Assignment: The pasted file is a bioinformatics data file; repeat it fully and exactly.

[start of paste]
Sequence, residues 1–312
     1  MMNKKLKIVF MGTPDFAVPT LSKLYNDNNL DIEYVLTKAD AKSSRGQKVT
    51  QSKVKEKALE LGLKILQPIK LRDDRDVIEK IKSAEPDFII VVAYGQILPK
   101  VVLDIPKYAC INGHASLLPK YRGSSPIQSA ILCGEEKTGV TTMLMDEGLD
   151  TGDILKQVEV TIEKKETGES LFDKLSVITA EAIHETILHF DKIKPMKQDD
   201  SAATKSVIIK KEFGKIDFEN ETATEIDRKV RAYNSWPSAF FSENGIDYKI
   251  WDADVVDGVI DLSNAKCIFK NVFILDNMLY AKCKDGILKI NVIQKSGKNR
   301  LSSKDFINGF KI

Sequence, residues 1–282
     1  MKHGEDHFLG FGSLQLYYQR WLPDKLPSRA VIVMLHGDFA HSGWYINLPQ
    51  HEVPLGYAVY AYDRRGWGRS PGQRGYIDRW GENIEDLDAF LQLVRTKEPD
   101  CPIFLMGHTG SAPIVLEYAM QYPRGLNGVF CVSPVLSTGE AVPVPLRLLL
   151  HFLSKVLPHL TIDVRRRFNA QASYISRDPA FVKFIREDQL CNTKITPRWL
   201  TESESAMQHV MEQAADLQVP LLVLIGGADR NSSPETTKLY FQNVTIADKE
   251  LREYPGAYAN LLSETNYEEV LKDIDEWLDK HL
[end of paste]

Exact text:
Sequence, residues 1–312
     1  MMNKKLKIVF MGTPDFAVPT LSKLYNDNNL DIEYVLTKAD AKSSRGQKVT
    51  QSKVKEKALE LGLKILQPIK LRDDRDVIEK IKSAEPDFII VVAYGQILPK
   101  VVLDIPKYAC INGHASLLPK YRGSSPIQSA ILCGEEKTGV TTMLMDEGLD
   151  TGDILKQVEV TIEKKETGES LFDKLSVITA EAIHETILHF DKIKPMKQDD
   201  SAATKSVIIK KEFGKIDFEN ETATEIDRKV RAYNSWPSAF FSENGIDYKI
   251  WDADVVDGVI DLSNAKCIFK NVFILDNMLY AKCKDGILKI NVIQKSGKNR
   301  LSSKDFINGF KI

Sequence, residues 1–282
     1  MKHGEDHFLG FGSLQLYYQR WLPDKLPSRA VIVMLHGDFA HSGWYINLPQ
    51  HEVPLGYAVY AYDRRGWGRS PGQRGYIDRW GENIEDLDAF LQLVRTKEPD
   101  CPIFLMGHTG SAPIVLEYAM QYPRGLNGVF CVSPVLSTGE AVPVPLRLLL
   151  HFLSKVLPHL TIDVRRRFNA QASYISRDPA FVKFIREDQL CNTKITPRWL
   201  TESESAMQHV MEQAADLQVP LLVLIGGADR NSSPETTKLY FQNVTIADKE
   251  LREYPGAYAN LLSETNYEEV LKDIDEWLDK HL